The speed and efficiency of the Irish courts was perfectly illustrated in Law Society of Ireland v The Motor Insurers’ Bureau of Ireland (
MIBI) [2017] in which MIBI, represented by Dillon Eustace, won its case, arising from the collapse of Setanta Insurance. This case commenced in the High Court and was appealed initially to the Court of Appeal and subsequently, due to an issue of significant public importance, to the Supreme Court. It was dispatched by all three of the highest courts in Ireland within the space of two years with the following timeline:

  • April 2015: Proceedings issued in the High Court.
  • September 2015: Judgment delivered by the High Court.
  • October 2015: Appeal lodged in Court of Appeal.
  • March 2016: Judgment delivered by Court of Appeal.
  • April 2016: Appeal lodged in Supreme Court.
  • May 2017: Judgment delivered by the Supreme Court.

Had the above case not involved a matter of particular public importance, namely the existence of an administrative agreement between the government and the motor insurance industry, which enabled a further appeal to the Supreme Court, the Setanta case would have been issued and heard and an appeal lodged and adjudicated upon within the space of 11 months, a staggeringly efficient outcome for all parties.

In addition to the speed of resolution of disputes within the Irish legal system, Ireland’s continuing membership of the EU provides a legislative framework for the seamless issuing and service of proceedings, the mutual recognition and enforcement of judgments and the availability of interim protective measures (such as the freezing of assets) throughout the EU. Post-Brexit, the UK will not be able to avail of these helpful EU regulations, and while a detailed discussion of how that might ultimately play out is beyond the scope of this article, it is fair to say that there will be additional complexity, uncertainty, risk, time and cost involved. For example, if a UK judgment is obtained against a corporation with assets spread across the EU, it will potentially be necessary to make separate applications for enforcement in each EU member state.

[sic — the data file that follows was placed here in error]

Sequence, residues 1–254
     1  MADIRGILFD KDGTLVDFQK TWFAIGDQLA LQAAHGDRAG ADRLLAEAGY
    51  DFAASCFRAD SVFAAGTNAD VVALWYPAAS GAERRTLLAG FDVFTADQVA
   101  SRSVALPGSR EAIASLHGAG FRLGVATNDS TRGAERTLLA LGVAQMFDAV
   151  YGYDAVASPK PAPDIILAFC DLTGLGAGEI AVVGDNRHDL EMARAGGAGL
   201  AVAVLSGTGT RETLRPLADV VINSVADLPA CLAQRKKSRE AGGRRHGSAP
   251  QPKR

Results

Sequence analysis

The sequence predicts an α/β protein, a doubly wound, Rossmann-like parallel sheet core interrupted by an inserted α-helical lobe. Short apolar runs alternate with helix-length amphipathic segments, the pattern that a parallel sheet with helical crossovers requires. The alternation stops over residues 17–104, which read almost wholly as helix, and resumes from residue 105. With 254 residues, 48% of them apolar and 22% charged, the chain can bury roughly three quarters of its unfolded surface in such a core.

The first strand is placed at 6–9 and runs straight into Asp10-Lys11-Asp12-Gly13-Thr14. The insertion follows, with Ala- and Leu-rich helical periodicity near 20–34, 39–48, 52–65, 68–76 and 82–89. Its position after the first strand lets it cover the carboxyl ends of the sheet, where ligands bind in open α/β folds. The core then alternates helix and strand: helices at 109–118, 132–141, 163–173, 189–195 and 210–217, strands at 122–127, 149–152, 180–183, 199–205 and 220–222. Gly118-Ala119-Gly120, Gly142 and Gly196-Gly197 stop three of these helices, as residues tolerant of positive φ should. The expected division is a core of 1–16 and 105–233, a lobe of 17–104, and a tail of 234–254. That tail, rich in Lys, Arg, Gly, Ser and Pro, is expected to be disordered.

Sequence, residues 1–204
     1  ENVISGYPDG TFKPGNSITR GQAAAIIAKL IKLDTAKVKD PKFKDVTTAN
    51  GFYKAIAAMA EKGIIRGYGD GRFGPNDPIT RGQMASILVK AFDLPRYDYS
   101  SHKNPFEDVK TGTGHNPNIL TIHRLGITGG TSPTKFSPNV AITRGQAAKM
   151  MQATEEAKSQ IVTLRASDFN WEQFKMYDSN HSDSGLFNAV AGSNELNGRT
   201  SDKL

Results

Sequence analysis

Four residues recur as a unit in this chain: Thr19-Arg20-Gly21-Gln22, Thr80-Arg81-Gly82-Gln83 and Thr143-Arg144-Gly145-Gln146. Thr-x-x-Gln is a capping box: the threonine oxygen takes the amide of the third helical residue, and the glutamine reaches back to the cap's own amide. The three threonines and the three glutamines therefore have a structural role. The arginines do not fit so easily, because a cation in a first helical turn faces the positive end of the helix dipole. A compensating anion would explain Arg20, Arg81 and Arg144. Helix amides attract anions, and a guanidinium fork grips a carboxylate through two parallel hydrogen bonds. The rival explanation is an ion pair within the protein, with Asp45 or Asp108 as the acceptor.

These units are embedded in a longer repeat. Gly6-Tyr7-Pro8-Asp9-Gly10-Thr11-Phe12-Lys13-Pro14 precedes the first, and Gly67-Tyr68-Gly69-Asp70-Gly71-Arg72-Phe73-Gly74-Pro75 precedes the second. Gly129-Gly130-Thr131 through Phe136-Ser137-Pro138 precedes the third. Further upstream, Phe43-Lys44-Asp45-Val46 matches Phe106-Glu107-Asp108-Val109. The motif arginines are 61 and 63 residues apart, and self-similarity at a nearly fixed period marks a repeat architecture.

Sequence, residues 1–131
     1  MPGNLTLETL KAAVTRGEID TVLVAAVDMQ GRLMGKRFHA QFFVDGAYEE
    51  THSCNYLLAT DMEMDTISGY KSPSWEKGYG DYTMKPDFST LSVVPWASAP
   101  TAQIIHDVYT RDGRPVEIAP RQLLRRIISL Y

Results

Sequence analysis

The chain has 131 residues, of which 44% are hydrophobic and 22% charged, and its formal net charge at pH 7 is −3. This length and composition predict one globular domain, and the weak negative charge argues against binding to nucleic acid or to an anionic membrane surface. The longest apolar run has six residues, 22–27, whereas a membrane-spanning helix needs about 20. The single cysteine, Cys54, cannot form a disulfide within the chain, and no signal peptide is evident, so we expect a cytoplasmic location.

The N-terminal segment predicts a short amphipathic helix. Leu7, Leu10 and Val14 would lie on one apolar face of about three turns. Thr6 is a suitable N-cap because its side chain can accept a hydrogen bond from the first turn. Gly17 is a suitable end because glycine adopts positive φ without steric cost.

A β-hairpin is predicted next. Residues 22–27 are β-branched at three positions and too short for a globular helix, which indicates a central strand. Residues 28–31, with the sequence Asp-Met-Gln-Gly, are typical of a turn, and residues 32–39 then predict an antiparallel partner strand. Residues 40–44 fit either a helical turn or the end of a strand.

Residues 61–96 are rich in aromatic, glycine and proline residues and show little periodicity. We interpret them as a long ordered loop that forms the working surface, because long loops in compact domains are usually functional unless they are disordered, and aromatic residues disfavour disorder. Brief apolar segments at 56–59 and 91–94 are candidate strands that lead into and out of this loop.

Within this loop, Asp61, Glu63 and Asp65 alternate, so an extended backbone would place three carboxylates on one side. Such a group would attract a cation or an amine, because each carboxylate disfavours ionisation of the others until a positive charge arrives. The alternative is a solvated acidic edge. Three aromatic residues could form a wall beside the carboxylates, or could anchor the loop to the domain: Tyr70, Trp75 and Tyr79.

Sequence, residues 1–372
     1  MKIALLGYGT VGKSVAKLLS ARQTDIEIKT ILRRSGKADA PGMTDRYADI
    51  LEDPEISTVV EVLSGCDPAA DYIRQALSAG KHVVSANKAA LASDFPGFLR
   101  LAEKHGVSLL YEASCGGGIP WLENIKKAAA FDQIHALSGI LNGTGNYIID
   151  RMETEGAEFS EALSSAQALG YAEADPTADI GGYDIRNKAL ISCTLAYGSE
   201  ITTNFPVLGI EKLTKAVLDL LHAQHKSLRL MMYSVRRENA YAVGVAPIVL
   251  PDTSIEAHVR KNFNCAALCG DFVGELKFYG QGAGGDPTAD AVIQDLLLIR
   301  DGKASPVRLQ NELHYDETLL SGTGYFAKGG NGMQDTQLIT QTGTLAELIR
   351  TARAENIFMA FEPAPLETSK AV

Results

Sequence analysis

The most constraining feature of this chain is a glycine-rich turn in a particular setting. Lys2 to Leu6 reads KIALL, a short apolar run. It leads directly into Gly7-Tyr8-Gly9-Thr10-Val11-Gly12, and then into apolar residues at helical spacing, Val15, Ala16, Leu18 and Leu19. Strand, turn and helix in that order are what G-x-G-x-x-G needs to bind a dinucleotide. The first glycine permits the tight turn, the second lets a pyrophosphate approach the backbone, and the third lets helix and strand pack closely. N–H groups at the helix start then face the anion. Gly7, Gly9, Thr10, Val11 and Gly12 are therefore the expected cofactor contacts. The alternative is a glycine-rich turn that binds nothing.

Parties from any jurisdiction, who wish to ensure that their contracts are the subject of the laws of an EU member state post-Brexit, or that common law courts resolve disputes arising from them, should consider Ireland as an attractive jurisdictional choice. The recognition of Ireland as a favourable jurisdiction for international dispute resolution has already commenced with the International Swaps and Derivatives Association introducing Irish law as an option for parties to its derivative documentation last year to ‘future proof’ their contracts against the uncertainties presented by Brexit. Ireland is home to a number of world class, international law firms which offer multi-disciplinary legal advice to international businesses and should be strongly considered as an expert and efficient forum in which to do business, and litigate, post-Brexit.